Before they leave, delegates to the Republican National Convention in Philadelphia in August will know the name of the big cable operator based in town.
They will be greeted by its employees, who will serve as hosts. They will have read the official delegate's guide, printed by the company. And they will have checked their e-mail in high-speed-data kiosks, placed in the convention center by Comcast Corp.
Comcast's support of the convention will run more than $1 million in cash and in-kind services.
The city's former mayor, Ed Rendell, recruited Comcast president Brian Roberts to join Philadelphia 2000, the nonprofit group that solicited the convention for the community. Comcast controls key ingredients the city needed to promote itself: the venue and the technology. Roberts now serves as one of five Republican convention co-chairs.
"People will recognize that we saw this as the right thing to do," executive vice president of marketing and customer service Dave Watson said of the long-term impact of the company's participation. "They will see Comcast is a new-wave leader, a significant player."
Yes, there are other corporate sponsors of the party's convention, and their trade names will have a presence. According to local news reports, AT & T Corp. and Verizon Communications will give at least $1 million apiece.
"But it's our building," Watson added. The Republican Party controls the signage inside the building, but Comcast executives will get the MSO's name out there in other ways, including signage outside of the First Union Center.
Comcast began working on its technical contributions as soon as Philadelphia got the nod as host city.
The company was lucky, Watson said, because the convention facility, the First Union Center, is a relatively new venue. Little work was needed to make it technologically state-of-the-art.
Connections were extended to the lobbies, where the aforementioned kiosks will be available to attendees. They will be able to experience, perhaps for the first time, the speed of cable modems.
A separate, temporary structure to house the media has been built in the parking lot between the new center and the old arena, the First Union Spectrum. Both the temporary facility and the Spectrum are linked for the convention.
About 120 Comcast technicians had to be issued credentials by the Secret Service for work in the building.
The company has already begun imprinting its identity on the consciousness of the delegates. It spent about $250,000 to print the official delegate and media guide-a glossy, full-color 100-page program. Its name is on the cover and the back, and the first 11 pages introduce the company and its officers and services. The guide was hand-delivered to key delegates in Washington, D.C.
Comcast will leverage all of its local strengths, including its regional news and talk channel, CN8: The Comcast Network.
The news operation will produce five hours of gavel-to-gavel convention coverage each night, recapped in a shorter version each morning. It's an ambitious plan for a local network that's only produced live nightly news for a few weeks.
The shows will feature three CN8 veterans, and the network has drafted some help-a host from one of its other divisions, QVC Inc., and two free-lancers with expertise in political coverage, vice president of original programming and creative services John Gorchow said.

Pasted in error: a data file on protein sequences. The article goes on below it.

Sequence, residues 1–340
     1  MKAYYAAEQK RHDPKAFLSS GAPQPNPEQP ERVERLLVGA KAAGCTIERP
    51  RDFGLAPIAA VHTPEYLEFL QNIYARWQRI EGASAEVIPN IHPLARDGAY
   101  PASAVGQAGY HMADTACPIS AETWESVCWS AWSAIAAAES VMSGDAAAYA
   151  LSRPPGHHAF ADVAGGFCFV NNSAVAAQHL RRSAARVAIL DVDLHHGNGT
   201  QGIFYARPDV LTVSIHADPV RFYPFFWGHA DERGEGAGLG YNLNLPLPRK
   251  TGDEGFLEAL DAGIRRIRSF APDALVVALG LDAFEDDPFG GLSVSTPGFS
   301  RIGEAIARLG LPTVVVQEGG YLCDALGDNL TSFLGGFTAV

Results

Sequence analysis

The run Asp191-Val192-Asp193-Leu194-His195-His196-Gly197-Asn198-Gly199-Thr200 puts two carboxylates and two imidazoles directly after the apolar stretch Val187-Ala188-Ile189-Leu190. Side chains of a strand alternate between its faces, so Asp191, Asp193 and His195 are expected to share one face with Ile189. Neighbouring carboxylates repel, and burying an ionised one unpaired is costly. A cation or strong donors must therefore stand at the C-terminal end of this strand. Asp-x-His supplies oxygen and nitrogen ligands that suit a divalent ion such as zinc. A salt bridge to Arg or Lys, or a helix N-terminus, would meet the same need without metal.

Comcast systems in 20 states will carry the CN8 feed. Additionally, the major MSOs have been offered the feed, and they have committed to carry it, Gorchow said. CN8 is working out the technical details now and, if all MSOs fully distribute the feed, CN8 could reach 70 million cable homes.
To differentiate itself from coverage by other news and public-affairs networks, CN8 will try to find a way to "showcase our region" and illustrate the delegate experience, executives said.
Prognosticators are anticipating demonstrations and possible disruptions in the city, but they hope it does not escalate to the level of violence seen in Seattle during talks by world economic leaders. Gorchow said CN8's crew of 170 intends to focus "strictly on politics," but "we'll see what happens."
The MSO has solicited volunteers from within its ranks to work during the convention as hosts to the delegates. Watson said 250 people stepped up, enthused to work at an event not seen in their hometown since a national delegate convention in 1943.
Comcast has worked out a matching program: Volunteers will get time off later for the personal time they give up to work at the convention. Pat Croce, who runs the Comcast-owned Philadelphia 76ers National Basketball Association team, is heading the overall volunteer effort, with a 10,000-participant target number.
Despite the number of staffers supporting the convention and the increased traffic and hubbub near the site, executives do not anticipate any change or drop in normal cable activities in the area.
"There will be no real operational changes. We've seen conventions of similar raw numbers. We've not seen a big falloff in regular day-to-day activities," Watson noted.
The operator has also been upgrading hotels in the region in the course of its regular business. "When they are ready to open, we're right there," he added.
Does the company expect an uptick in orders from impressed delegates once they return home? "We'll never turn down an order," Watson laughed, "but what we want is for them to leave with a great impression."